Pratt was principal of the design team that won the competition, and McIntire describes the artistic concept for the memorial as being a “very lovely and appropriately simple design.” It incorporates symbols and elements of fire, water, drums, cardinal points, and a circle shape—all seen in many native traditions. “He’s supervising the fabrication of the warrior ring, the stainless steel circle that is the focus of the of the memorial,” McIntire says. “Other parts of the design that Harvey created are the lances and feathers. He always says that tribal paths are the same; they lead to the same place, but they might go in different directions. They have a common ending.”
Aside from being a place for the public to admire Pratt’s design and honor the military service of Native American veterans, McIntire explains that the Memorial will serve as a meaningful location for various Native tribes. “This will be a place where tribal people can come and contemplate and meditate and hold those rituals, hold ceremonies,” he describes. “It’s a special place for the native people, and we will be open to them for these ceremonial opportunities that are just incredible.”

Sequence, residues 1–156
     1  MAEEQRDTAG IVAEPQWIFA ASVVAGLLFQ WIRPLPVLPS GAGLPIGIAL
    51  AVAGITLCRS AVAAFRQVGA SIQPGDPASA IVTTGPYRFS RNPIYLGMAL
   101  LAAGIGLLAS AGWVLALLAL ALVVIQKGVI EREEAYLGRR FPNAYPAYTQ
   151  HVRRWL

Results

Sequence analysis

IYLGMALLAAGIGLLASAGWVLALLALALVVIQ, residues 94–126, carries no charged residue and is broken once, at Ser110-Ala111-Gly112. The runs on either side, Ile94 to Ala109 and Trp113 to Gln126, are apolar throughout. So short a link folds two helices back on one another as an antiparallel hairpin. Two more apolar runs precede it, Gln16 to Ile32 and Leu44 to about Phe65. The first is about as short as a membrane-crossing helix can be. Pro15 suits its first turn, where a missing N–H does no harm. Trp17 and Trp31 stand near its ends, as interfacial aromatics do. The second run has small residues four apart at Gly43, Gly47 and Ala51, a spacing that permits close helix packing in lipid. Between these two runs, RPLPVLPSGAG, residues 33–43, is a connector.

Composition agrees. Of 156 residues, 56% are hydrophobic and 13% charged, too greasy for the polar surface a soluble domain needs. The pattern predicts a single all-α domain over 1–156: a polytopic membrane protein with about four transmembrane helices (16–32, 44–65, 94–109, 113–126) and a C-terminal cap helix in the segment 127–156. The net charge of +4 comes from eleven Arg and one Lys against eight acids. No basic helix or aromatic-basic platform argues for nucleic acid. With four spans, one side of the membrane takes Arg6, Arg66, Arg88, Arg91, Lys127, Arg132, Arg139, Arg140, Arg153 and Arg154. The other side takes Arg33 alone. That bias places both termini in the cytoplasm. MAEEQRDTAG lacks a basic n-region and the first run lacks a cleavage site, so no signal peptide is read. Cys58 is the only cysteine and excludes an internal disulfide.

The National Museum of African American History and Culture and the National Native American Veterans Memorial came across McIntire’s desk in different ways. The program management director asked to be part of the former—and actually had to be selected to contribute—while the latter was an opportunity that serendipitously appeared in his portfolio of facilities. Both projects were awarded to him based on his decades of experience, skills, and workstyle, something his partners at engineering firm AECOM can attest to.
“Jud has a great easygoing manner and the ability to let a conversation unfold, such as when a design idea is being explored, and when to step in, wrap up the discussion, and reach a conclusion,” says Alan Harwood, vice president and director of urban planning at AECOM.
Nonetheless, McIntire remains humble and appreciative. “I think it’s such a privilege and a great honor for me to work at the Smithsonian, but also to have been part of both of these, these special and important projects,” he says. “We all learn through life, but I think having close relationships with both the African American Museum and the American Indian Museum, it’s so personally enriching and broadening to have had that and to have learned so much from it.”